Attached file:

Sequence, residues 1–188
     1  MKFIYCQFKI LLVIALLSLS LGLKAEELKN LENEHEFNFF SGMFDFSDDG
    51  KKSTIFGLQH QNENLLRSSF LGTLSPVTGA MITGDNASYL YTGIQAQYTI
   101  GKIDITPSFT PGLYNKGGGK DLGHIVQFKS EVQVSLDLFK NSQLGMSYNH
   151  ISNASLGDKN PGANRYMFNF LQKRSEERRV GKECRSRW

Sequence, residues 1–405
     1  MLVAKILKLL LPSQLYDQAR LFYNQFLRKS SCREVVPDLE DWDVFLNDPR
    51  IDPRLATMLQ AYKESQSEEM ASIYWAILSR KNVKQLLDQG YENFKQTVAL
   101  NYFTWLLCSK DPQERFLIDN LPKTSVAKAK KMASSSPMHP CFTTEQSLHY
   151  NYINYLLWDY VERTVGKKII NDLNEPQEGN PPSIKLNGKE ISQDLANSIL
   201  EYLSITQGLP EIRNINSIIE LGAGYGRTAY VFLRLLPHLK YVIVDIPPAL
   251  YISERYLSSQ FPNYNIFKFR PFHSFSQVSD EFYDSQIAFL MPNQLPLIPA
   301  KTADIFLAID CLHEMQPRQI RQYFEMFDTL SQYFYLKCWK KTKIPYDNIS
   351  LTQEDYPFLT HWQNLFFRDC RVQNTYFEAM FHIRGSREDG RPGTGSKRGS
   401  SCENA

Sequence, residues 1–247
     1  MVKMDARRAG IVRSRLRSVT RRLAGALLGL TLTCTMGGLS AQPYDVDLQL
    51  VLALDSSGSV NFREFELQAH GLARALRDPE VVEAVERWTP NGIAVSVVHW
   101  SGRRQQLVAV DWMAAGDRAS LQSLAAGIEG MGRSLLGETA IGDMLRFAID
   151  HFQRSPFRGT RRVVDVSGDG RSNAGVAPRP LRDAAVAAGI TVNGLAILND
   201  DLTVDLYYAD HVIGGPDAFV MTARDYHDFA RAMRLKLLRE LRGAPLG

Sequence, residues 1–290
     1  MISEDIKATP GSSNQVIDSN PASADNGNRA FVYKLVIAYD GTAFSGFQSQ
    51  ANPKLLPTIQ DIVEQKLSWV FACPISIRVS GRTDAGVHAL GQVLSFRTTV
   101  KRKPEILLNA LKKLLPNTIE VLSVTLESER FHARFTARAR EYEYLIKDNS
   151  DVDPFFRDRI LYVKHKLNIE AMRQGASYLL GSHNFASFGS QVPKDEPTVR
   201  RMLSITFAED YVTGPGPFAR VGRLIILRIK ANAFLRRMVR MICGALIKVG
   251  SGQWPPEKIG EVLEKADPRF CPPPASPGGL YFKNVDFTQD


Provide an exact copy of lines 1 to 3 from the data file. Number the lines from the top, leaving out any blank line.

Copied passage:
Sequence, residues 1–188
     1  MKFIYCQFKI LLVIALLSLS LGLKAEELKN LENEHEFNFF SGMFDFSDDG
    51  KKSTIFGLQH QNENLLRSSF LGTLSPVTGA MITGDNASYL YTGIQAQYTI